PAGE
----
Digital Preservation Analyst for Research Data Curation; Chronopolis Program Manager
University of California, San Diego
Associate University Librarian for Digital Strategies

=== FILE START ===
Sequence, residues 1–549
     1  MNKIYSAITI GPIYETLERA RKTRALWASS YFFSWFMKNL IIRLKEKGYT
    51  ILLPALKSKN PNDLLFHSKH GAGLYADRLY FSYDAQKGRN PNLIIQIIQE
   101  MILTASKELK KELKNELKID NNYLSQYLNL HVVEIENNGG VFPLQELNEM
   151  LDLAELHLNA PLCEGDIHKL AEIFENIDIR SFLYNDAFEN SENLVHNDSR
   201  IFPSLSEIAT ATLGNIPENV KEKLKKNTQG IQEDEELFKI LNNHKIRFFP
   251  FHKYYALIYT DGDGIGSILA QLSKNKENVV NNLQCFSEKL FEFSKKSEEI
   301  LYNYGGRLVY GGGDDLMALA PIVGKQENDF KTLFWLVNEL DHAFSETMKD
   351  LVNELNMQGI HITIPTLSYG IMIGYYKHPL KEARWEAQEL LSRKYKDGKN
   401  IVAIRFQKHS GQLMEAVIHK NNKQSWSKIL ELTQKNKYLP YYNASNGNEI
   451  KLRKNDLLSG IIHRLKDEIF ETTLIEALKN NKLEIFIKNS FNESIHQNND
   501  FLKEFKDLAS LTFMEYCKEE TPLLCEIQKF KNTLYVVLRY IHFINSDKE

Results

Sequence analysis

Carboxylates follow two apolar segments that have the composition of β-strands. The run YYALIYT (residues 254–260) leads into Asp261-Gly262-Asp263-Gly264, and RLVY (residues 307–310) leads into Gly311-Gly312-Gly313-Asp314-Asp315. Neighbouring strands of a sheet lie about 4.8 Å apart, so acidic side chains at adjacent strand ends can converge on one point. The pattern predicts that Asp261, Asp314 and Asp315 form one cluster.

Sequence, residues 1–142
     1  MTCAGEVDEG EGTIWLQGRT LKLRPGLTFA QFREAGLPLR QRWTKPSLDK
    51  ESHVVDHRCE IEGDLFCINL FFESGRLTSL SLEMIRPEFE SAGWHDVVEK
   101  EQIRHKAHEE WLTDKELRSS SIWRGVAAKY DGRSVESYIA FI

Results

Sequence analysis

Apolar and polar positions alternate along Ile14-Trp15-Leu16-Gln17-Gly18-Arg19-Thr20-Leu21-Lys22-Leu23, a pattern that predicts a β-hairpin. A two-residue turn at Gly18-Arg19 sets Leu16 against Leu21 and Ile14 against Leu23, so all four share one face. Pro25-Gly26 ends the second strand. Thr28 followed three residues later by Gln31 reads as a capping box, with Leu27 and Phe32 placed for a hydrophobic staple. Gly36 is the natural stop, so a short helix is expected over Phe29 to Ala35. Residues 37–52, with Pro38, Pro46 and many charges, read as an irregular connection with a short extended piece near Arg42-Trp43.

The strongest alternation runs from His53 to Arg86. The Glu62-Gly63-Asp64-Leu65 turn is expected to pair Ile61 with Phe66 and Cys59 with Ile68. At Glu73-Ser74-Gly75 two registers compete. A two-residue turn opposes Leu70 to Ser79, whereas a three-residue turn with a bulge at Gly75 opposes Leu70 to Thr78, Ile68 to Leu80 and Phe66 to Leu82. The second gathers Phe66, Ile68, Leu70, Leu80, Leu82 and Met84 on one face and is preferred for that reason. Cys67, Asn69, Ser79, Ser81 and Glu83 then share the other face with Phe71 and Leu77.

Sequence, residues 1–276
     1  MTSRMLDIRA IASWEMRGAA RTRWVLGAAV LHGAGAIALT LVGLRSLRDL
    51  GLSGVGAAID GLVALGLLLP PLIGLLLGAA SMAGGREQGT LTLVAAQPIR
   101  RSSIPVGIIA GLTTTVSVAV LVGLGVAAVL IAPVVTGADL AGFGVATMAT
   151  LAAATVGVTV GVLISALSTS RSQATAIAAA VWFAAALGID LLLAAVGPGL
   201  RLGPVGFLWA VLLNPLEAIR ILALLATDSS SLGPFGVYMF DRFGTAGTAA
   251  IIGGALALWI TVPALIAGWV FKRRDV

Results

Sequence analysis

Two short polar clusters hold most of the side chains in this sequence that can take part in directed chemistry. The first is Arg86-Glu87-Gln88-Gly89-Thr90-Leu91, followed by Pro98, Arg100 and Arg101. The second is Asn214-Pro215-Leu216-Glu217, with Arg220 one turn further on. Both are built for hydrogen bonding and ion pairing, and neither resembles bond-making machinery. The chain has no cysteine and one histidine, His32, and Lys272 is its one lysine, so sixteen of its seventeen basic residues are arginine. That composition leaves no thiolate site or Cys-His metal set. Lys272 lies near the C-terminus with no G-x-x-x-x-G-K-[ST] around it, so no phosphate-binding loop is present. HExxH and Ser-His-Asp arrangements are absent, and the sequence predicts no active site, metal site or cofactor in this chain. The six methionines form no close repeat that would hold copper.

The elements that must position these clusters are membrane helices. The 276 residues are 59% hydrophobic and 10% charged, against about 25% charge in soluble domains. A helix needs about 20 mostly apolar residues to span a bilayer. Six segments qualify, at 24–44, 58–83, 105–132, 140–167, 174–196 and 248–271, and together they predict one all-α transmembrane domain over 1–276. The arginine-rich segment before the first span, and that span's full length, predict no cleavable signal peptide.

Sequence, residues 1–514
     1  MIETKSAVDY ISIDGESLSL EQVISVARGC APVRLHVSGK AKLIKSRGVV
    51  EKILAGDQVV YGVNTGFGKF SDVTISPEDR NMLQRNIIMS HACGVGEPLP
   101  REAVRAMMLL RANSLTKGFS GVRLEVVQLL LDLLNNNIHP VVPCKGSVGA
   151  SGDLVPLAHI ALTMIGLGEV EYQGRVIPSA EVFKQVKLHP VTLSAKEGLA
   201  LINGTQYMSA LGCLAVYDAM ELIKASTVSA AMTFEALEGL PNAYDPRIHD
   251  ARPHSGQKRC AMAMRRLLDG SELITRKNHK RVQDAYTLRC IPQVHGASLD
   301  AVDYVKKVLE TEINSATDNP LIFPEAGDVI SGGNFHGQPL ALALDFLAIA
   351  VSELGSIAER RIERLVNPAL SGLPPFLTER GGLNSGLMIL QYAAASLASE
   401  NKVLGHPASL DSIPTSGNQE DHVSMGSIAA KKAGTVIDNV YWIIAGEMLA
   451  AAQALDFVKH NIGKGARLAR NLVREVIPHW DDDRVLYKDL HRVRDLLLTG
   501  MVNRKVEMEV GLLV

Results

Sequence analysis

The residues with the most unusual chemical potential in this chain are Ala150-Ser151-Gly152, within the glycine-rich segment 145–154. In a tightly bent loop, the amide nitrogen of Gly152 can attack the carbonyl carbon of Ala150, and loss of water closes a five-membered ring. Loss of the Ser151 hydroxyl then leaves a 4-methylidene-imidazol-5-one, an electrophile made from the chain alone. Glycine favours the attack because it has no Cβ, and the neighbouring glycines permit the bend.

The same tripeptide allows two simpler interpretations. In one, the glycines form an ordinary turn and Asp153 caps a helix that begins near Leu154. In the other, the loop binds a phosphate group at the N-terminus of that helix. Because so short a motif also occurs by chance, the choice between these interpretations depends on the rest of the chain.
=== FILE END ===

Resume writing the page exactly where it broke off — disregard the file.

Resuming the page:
Many institutions have established digital repository systems in order to preserve the valuable scholarship and cultural heritage that is either generated or collected by their constituencies. In addition, many of these same organizations have distributed copies of these materials to various locations in order to mitigate the risks associated with lack of geographic diversity, lack of technological diversity, and loss of data related to human activities and systems failures. Services like APTrust, LOCKSS, DPN, and Chronopolis have developed to provide this geographical diversity. As these services have matured, the problem of tracking data from a local repository to a distributed preservation service has not been resolved. Northwestern University and the University of California, San Diego were awarded an Institute of Museum and Library Services Planning Grant (LG-72-16-0135-16) to explore the integration between local repositories and distributed digital preservation systems. This grant seeks to answer questions like, “How does one curate objects to ingest into a long-term dark preservation system?” as well as questions regarding managing multiple copies and versions of digital objects in multiple systems and the implications of varying storage structures on data restoration. To uncover answers, the grant team distributed a survey and also conducted a series of in-depth interviews with cultural heritage institutions. This talk will describe the findings from both, highlighting results regarding criteria used in curation decisions, versioning practices, common workflows and workarounds, and the use (or not) of preservation policies.